I have referred to the moulding of one Australian community. The interdependence of the city and country is of course absolutely fundamental. The best evidence perhaps is the high correlation that exists between the prosperity of the rural sector and the prosperity of the nation as a whole. When I speak of the prosperity of the nation as a whole I speak in particular of the major capital cities whose interests this Government so carefully studies to the neglect of the country areas. The slack in general economic activity in 1971-72 about which Government supporters are always so keen to castigate the Opposition, falsely attributing it entirely to the former Government's budgetary policy, was in fact caused to a large degree by low farm incomes. They had the effect of retarding the growth of private consumption, perhaps by as much as 1 percentage point. I will not elaborate but that is very important in that context. This Government which sees itself so much as city based had better remember that its fortunes are also tied in this way to the prosperity of the rural sector.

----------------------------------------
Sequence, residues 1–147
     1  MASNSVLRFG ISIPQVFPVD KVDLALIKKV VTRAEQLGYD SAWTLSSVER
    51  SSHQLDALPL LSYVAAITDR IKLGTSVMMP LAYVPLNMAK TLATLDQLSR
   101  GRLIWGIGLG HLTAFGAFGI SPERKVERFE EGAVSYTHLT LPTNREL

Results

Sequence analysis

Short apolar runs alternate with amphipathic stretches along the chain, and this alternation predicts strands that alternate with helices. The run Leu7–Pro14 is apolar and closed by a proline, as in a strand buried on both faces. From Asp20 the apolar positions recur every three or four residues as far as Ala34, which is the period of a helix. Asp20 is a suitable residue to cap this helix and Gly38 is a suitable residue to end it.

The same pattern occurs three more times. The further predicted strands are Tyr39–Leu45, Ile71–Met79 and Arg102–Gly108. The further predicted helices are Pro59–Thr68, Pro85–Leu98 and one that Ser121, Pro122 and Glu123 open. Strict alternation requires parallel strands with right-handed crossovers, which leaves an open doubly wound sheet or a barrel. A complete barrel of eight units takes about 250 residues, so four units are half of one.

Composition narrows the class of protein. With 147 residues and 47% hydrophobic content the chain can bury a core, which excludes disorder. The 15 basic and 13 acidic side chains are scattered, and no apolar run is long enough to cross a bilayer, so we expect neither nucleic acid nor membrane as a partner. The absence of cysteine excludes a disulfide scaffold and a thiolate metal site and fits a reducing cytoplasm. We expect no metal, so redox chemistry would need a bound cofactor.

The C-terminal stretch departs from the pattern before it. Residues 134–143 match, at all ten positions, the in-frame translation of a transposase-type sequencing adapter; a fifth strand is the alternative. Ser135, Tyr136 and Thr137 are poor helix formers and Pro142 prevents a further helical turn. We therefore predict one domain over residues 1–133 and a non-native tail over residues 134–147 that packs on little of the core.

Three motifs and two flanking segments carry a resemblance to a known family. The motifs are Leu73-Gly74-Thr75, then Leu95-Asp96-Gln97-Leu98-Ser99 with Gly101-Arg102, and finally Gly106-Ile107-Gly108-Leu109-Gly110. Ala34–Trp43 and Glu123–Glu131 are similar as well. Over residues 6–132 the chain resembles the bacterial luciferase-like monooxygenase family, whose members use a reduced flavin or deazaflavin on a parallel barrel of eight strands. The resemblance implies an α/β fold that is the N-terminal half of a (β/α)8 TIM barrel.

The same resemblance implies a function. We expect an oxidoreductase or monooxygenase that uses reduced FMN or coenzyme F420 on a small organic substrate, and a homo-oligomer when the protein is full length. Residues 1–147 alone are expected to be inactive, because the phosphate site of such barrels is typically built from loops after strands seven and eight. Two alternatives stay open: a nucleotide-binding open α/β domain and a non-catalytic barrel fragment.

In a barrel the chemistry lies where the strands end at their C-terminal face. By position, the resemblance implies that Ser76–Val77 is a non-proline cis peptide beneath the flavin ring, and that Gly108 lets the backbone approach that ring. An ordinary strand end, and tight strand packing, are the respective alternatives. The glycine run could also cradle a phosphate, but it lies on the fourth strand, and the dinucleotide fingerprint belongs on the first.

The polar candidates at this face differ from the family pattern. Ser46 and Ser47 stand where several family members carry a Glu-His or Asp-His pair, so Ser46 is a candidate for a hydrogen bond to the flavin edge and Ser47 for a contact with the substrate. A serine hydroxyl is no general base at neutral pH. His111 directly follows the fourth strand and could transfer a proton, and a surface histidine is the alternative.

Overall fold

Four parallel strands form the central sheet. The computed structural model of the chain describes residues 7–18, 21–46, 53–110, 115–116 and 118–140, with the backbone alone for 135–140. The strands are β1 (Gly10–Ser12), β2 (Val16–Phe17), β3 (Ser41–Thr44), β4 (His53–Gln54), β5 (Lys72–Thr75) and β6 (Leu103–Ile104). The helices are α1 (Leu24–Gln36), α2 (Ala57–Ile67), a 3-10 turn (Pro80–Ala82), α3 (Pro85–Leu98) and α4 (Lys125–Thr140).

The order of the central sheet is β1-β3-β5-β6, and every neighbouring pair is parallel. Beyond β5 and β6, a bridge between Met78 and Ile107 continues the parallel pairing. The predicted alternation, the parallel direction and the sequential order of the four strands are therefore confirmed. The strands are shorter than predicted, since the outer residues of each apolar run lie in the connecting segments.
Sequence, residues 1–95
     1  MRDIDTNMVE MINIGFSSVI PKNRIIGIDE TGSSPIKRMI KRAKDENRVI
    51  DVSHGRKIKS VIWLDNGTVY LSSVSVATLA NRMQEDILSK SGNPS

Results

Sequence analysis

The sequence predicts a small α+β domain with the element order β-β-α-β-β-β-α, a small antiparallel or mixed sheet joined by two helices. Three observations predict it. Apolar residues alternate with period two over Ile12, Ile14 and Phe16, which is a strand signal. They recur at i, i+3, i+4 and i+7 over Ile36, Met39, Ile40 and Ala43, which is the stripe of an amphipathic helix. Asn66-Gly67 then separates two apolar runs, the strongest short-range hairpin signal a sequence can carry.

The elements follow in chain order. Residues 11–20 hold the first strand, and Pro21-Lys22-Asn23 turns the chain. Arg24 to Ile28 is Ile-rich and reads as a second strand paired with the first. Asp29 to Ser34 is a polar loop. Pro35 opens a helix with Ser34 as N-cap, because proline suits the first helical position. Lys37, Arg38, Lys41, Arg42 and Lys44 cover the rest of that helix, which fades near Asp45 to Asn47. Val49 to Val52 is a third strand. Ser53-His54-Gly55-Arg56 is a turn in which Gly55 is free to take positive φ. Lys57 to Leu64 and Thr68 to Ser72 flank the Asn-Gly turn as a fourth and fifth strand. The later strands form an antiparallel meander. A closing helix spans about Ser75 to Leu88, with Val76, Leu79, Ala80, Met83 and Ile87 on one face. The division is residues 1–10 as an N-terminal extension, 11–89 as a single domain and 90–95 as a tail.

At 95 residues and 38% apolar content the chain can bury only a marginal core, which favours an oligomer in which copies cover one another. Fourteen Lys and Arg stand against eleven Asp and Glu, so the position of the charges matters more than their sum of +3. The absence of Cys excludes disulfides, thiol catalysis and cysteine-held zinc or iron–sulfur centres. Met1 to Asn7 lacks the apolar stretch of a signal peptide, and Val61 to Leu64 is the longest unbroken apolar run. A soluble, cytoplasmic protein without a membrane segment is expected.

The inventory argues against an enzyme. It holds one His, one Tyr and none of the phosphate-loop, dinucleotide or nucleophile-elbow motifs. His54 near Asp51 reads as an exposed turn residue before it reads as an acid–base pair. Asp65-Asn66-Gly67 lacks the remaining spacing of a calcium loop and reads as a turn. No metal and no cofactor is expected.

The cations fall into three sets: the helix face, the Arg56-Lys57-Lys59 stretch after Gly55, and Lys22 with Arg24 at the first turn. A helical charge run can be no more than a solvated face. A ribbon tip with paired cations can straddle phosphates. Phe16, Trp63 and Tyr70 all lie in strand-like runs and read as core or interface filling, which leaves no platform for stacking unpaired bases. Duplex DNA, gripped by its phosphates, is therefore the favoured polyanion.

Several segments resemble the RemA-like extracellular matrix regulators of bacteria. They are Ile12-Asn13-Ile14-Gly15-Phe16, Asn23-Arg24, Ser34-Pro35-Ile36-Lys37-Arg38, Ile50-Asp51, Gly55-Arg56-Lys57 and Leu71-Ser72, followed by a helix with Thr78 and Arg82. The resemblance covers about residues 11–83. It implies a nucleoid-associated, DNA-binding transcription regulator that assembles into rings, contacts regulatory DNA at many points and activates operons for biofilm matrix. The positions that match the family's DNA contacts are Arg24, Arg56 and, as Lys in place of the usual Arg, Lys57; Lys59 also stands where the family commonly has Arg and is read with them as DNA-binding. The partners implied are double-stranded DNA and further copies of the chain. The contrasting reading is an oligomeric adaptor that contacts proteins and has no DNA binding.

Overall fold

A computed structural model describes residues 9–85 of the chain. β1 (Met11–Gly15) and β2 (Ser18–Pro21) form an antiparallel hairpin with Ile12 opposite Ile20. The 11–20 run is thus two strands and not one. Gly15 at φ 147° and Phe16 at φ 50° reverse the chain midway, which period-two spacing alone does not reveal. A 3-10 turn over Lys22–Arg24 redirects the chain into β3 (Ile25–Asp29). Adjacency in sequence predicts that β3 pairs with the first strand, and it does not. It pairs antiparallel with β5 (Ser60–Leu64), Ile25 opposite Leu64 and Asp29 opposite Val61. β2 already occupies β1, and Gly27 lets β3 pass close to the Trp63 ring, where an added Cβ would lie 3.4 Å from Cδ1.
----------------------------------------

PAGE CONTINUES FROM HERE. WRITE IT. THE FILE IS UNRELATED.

The enlargement of the margin - this reduction or cheese paring of the benefit I suppose one might call it - will not affect only country people.

Mr O'Keefe - It will affect costs everywhere.

Mr EDWARDS - It will. As my colleague says it will affect the whole of the national economy. When the widening of the margin and the increased excise duty on motor spirit provided for in this Budget are combined, the estimated result is that rural transport costs for farm produce will increase by up to 27 per cent. There will be consequential increases in food prices which will affect all purchasers, both city and country.